Worst of NextDoor

It began innocently enough. What could be wrong with a website that reunites people with their lost cats, offers crowdsourced suggestions for plumbers and operates as an ongoing garage sale? But as is usual for anything coming out of Silicon Valley, NextDoor, has gone full Lord of the Flies except instead of kids it’s mostly old folks beating dissenters to death with their keyboards.

I’ve used NextDoor to get rid of furniture, give advice on humanely removing bees and publicize events. But, like so many other social media websites, NextDoor has devolved into a toxic stew of hatred tapped out by lonely, late night keyboard warriors. Here in my Los Angeles neighborhood, topics on homelessness and gentrification seem, in particular, to bring out the trolls. NextDoor has become 4chan for old homeowners.

Here’s a typical discussion on my neighborhood’s NextDoor, in this case about a homeless encampment at our local park:

If there’s one good thing about NextDoor it is that it has disabused me of the idea that my community is somehow more “open minded” than other parts of the country or that urban people are more progressive than rural people. These are stereotypes that I’ve been guilty of harboring in the past. We are all, myself included, easily sucked into the sort of hateful trolling that Silicon Valley has found a way to monetize on social media. How do you keep people glued to a website like NextDoor? Just offer the spectacle of your elder neighbors tearing each other apart in a text-based reality show. Best of all you can join in on the mud slinging!

There’s an easy solution to all the hate and trolling: paid moderators. Such moderators could limit the discussion to the things NextDoor is good at: the aforementioned and uncontroversial pet reunification and plumber recommendations. Maybe those plumbers could be vetted too! Of course, paid moderators would make the website unprofitable. Instead NextDoor crowdsources the moderation to both get around paying any employees and to absolve themselves of the responsibility of dealing with the mess they’ve made.

I’m curious if any of you, our dear readers, use NextDoor? What have you used it for? What are the controversies raging in your neighborhood on the site? As for me I still peek at the site periodically, mainly to see if anyone needs bee help, but I’ve become really turned off by the vitriol. And I feel sorry for the people I see most engaged in these NextDoor debates. I suspect they are both lonely and suffering from depression.

Nithya Raman for LA Council District 4!

During my years serving on the board of the Los Angeles County Bicycle Coalition I learned that Los Angeles is one of the most corrupt and dysfunctional cities in the U.S. It’s run by a machine, is fundamentally un-democratic and, to top it all off, incompetent. Our city’s appalling homelessness crisis and transportation gridlock is the result of this disappointing leadership.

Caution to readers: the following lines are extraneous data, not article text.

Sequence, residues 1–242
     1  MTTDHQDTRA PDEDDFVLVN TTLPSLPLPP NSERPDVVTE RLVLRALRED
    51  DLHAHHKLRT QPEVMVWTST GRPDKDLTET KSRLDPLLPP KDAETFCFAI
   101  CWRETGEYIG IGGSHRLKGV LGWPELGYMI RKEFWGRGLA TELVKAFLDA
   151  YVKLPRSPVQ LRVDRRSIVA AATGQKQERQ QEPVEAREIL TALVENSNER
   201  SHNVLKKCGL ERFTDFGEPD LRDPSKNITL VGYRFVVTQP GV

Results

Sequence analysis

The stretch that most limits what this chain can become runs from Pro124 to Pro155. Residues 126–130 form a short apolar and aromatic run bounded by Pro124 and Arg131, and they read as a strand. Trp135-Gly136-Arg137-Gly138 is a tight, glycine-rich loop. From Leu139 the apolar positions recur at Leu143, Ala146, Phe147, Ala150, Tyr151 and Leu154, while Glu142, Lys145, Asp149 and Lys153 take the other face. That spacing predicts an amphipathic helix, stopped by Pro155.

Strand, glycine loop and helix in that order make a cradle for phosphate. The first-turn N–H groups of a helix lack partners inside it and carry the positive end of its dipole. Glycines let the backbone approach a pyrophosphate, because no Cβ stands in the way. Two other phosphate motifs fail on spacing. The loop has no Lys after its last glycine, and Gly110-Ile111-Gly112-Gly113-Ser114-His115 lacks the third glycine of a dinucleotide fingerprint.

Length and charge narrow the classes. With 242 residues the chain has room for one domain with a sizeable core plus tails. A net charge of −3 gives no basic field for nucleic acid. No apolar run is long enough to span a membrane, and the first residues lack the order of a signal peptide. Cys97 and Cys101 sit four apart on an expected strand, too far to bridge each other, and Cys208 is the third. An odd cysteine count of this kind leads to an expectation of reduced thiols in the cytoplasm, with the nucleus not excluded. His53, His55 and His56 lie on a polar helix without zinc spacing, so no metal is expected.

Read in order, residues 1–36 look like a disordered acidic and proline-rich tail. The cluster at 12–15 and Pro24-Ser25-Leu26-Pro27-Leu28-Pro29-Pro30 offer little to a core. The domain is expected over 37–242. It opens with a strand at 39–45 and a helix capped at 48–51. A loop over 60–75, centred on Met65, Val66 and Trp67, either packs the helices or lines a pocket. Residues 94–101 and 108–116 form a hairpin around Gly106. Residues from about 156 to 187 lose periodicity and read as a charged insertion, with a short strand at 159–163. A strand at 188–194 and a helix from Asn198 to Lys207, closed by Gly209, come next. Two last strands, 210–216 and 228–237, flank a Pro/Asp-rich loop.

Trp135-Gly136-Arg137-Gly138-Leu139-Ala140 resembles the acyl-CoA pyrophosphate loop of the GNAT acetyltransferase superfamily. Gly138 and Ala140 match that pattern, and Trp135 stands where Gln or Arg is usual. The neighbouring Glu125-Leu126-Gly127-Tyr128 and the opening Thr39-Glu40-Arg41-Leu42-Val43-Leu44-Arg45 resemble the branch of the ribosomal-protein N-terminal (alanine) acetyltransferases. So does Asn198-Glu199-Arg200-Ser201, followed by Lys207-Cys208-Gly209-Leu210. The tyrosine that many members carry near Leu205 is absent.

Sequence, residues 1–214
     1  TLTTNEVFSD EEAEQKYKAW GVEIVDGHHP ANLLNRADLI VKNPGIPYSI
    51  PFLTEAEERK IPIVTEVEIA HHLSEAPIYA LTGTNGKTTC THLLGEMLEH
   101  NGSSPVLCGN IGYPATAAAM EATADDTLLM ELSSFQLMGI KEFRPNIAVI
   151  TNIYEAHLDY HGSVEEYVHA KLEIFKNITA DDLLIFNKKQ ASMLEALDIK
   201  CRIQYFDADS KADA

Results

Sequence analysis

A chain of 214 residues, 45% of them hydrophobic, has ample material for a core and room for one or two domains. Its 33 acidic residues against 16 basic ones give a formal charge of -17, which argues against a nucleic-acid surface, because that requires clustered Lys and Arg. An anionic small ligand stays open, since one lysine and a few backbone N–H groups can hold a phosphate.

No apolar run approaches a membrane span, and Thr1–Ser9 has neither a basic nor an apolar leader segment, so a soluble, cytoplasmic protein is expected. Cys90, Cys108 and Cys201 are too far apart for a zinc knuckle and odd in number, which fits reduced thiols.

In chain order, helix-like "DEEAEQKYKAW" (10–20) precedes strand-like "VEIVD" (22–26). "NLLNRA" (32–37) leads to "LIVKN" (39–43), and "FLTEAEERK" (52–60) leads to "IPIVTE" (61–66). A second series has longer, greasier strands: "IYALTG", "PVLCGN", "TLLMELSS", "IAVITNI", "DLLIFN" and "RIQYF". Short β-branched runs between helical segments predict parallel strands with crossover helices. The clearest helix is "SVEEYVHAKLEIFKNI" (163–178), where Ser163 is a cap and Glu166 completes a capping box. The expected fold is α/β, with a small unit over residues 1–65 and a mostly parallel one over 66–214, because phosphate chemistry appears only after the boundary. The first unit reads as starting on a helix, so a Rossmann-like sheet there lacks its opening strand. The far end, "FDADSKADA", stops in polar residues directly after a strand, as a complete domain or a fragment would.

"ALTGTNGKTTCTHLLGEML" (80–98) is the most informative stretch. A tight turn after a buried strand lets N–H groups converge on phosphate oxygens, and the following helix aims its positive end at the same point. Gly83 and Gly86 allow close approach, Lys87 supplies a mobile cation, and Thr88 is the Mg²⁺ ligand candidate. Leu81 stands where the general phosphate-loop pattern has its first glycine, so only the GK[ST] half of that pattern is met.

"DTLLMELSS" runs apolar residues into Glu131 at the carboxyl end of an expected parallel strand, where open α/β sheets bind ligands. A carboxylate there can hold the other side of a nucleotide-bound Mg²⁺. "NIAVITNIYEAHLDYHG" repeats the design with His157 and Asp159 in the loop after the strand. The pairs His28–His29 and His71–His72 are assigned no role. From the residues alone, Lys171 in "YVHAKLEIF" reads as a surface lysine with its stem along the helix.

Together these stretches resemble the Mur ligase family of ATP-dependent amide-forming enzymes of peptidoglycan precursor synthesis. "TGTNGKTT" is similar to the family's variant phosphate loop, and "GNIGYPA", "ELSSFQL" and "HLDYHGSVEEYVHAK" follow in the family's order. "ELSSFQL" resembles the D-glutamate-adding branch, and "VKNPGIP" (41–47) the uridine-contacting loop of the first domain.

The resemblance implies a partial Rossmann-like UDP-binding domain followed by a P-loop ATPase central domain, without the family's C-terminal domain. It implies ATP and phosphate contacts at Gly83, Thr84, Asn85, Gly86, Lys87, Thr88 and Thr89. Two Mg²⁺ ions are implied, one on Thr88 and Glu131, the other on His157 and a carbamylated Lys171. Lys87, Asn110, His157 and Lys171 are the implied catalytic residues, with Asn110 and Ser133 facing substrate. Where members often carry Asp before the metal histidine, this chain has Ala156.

If there’s a silver lining to this dark cloud it’s that things have gotten so bad that a new generation of activists is rising up to toss out the incumbents. Last Friday, Root Simple friend and podcast guest Jessica Rath hosted an intimate gathering with one of those activists, Nithya Raman, who is running for Council District 4.

In the course of the evening, Raman discussed her homeless policy, how to make the city council more democratic and ways to escape gridlocked traffic. Raman has an urban planning degree from M.I.T., helped start the SELAH Neighborhood Homeless Coalition, served as executive director of Time’s Up Entertainment and worked for the city on homeless policy. Frankly, she’s one of those people who have already accomplished what would take me ten lifetimes to get around to. She is much more qualified than the incumbent David Ryu, who has a thin resume and a record of opposing housing and transportation improvements.

This is an important election. City councilpersons in Los Angeles wield much more power than the mayor. CD 4 has a population of 253,000 people making it larger than most U.S. cities. If you live in CD4, a gerrymandered district covering Los Feliz, part of Koreatown, Sherman Oaks and North Hollywood please vote for Nithya Raman!

Making the Shed Great Yet Again

Here’s a picture from May of 1999 showing our late doberman Spike guarding me while I worked on our then 90 now 100 year old shed.

Guess what I’m doing over 20 years later? Working on the same shed.

Me in 1999. In 2020 I need glasses.

The shed has gone through two previous improvement battles starting with shoving a foundation under it, electrification and strengthening the floor followed by a somewhat misguided attempt at insulation and ceiling covering.

Over the past few years the shed went from being Kelly’s work space to a place to shove junk we didn’t want to deal with. With this latest improvement effort we’re turning it back into a pleasant space for Kelly to work in. I’m undoing some of my previous shoddy work and installing an oak floor and a nicer ceiling.

I have a hard time sitting at a computer when lured by the demands of carpentry which explains the sparse posting over the past two weeks. At least I’m thinking about writing while I work. I’ve been meditating on something Corey Pein said in the Twitters: “The more I learned to have confidence in myself and write from my own honest perspective, the more of an audience I have found, and the better I feel about my work.” The writing work I plan to do later this year would benefit from more honesty, from not shying away from controversy and a humor based more on experience than snark. Or the siren song of carpentry and woodworking might just lure me for the rest of my days. We shall see.